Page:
Multiple sclerosis is a chronic autoimmune, inflammatory neurological disease of the central nervous system that affects from 250,000 to 350,000 patients in the U.S. Typically presents in adults 20 to
45 years of age; occasionally, it presents in childhood or late middle age.
Multiple sclerosis attacks the myelinated axons in the central nervous system, destroying the myelin and the axons to varying degrees. Symptoms may be mild, such as numbness in the limbs, or severe, such as paralysis or loss of vision. The course of multiple sclerosis is highly varied and unpredictable. In most patients, multiple sclerosis is characterized initially by episodes of reversible neurological deficits, which is often followed by progressive neurological deterioration over time. The cause of multiple sclerosis appears to involve a combination of genetic susceptibility and a no genetic trigger (virus, metabolism, or environmental factors), that together result in a self-sustaining autoimmune disorder that leads to recurrent immune attacks on the central nervous system.
Over time, therapeutic approaches to multiple sclerosis were addressed to suppress the immune system to control the inflammatory process that causes the demyelination and axonal damage. However, the multiple sclerosis treatments available to date are only partially effective.
There are many types of stem cells that are undergoing research and which are producing knowledge about their potential use in treating multiple sclerosis. Many of these studies involve adult mesenchymal stem cells, which are present in many tissues of the body, including bone marrow and fat (adipose tissue).
The use of multipotent stem cells may provide an alternative solution because stem cells can migrate locally into damaged central nervous system areas where they have the potential to support local neurogenesis or myelogenesis through neurotrophic effects, stimulation of resident central neuron system stem cells.
Autologous hematopoietic stem cell transplantation, has been used in attempts to “reboot” the immune system, which is believed to launch attacks on the brain and spinal cord in people with Multiple sclerosis. In Hematopoietic stem cell transplantation, these stem cells (derived from a person’s own bone marrow or blood) are stored, and reintroduced usually by infusion into the vein.
Mesenchymal stem cells have been shown to possess immunomodulating properties, inducing suppression of various immune cell populations. Mesenchymal stem cells cultivated can give rise to neural-like, glial-like, and astrocytic-like cells in vitro. In animal models, intravenous or intracerebral injection of Mesenchymal stem cells resulted in remyelination.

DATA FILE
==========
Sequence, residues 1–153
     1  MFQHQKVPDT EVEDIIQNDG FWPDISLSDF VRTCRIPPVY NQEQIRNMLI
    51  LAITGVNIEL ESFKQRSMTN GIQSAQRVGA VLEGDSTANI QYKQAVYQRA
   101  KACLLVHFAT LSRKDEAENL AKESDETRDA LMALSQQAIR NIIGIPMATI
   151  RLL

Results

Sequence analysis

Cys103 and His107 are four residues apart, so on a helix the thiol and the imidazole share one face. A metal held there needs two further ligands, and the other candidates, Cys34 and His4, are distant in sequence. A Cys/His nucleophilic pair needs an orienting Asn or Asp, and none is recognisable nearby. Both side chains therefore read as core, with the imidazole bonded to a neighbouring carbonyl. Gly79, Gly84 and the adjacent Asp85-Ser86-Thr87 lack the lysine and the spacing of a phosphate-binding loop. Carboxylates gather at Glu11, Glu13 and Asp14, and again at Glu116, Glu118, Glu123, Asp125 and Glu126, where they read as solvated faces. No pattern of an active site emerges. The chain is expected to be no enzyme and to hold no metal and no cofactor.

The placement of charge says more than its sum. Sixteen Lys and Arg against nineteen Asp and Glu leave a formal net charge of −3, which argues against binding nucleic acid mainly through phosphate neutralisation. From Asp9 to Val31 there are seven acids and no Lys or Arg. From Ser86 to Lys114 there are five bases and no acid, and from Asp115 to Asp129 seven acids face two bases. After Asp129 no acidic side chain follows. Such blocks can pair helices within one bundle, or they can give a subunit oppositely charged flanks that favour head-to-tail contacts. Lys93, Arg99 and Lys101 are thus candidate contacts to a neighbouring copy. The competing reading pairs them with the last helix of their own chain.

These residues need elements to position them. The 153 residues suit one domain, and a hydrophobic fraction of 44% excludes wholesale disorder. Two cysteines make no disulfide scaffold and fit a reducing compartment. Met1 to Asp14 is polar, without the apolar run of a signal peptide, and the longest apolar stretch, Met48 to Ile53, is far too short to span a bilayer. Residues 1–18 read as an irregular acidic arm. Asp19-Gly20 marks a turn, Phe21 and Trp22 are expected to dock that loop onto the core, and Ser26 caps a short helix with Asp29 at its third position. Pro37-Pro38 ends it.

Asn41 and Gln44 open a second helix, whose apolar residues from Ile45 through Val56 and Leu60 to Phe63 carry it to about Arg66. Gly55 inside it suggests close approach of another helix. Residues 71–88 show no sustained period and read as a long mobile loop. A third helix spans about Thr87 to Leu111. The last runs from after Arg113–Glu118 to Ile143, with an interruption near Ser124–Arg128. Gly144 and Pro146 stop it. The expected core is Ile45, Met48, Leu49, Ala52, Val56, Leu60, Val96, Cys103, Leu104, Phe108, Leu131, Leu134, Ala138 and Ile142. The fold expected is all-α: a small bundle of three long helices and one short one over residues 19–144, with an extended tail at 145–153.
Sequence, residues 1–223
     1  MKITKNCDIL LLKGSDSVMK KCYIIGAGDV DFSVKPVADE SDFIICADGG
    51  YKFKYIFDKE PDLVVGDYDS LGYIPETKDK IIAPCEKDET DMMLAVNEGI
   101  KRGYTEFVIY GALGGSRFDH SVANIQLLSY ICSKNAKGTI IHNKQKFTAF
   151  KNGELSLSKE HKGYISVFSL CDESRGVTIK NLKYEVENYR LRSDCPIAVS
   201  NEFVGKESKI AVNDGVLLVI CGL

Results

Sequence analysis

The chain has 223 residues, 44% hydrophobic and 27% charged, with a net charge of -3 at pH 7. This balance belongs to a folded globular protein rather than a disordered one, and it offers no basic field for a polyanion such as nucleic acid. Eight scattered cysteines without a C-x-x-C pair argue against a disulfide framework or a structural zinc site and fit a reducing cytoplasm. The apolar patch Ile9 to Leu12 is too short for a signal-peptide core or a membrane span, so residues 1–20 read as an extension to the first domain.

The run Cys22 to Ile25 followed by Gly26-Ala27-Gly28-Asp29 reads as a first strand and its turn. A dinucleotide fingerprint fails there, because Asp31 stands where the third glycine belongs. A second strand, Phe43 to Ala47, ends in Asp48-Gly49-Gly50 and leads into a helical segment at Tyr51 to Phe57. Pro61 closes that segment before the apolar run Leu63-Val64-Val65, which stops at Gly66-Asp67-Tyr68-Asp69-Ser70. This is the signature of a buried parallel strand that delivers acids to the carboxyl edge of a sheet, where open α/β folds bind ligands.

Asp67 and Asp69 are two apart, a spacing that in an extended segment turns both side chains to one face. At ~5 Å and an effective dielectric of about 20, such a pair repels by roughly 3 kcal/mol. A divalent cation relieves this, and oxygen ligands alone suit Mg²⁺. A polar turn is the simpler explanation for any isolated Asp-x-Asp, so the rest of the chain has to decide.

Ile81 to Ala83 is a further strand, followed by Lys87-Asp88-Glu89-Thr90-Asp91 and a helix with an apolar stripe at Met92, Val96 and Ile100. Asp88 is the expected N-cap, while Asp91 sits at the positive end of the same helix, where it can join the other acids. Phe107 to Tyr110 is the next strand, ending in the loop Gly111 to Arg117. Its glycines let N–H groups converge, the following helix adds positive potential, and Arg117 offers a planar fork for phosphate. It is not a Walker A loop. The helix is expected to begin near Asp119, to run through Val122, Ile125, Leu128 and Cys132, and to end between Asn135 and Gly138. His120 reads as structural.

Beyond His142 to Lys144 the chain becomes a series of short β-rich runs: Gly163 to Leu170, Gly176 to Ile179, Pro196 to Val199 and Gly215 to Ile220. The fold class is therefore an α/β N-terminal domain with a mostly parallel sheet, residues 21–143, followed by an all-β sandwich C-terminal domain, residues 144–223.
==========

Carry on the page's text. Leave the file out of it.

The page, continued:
Experimentally, injection of Mesenchymal stem cells was shown to downregulate the clinical severity of the disease and to suppress central nervous system inflammation through induction of T-cell anergy and decrease of demyelination. In some studies it has also been shown that intraventricularly injected Mesenchymal stem cells migrated to the white matter lesions in correlation with the degree of inflammation and induced neuroprotection, with preservation of the axons.
Clinical trials have revealed the feasibility and safety of the clinical use of Mesenchymal stem cells and have provided some evidence of efficacy in various medical conditions.
Studies with autologous bone marrow–derived mesenchymal stem cells, showed the following neuroradiological effect of Mesenchymal stem cells transplantation: dissemination of mesenchymal stem cells from the injection site to the ventricles of the Central Nervous System. The immunological effects observed in most patients were stronger than those induced by the conventional immunomodulatory medications and indicate a downregulation of activated lymphocytes and antigen-presenting cells and the proliferative ability of effector cells after Mesenchymal stem cells transplantation.
There is exciting progress being made through innovative research related to the potential of many types of stem cells both for slowing Multiple sclerosis disease activity and for repairing damage to the nervous system.
With the urgent need for more effective treatments for Multiple sclerosis, particularly for those with more progressive forms of the disease, Stem Cells Transplant Institute believes that the potential of all types of cell therapies must be explored, and we aim to provide a secure environment and excellent professionals for your needs.